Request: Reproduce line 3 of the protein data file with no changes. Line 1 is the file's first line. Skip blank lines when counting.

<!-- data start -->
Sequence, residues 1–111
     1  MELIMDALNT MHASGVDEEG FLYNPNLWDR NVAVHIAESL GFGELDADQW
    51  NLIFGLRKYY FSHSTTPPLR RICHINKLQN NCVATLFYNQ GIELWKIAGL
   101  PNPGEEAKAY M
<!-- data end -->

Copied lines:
    51  NLIFGLRKYY FSHSTTPPLR RICHINKLQN NCVATLFYNQ GIELWKIAGL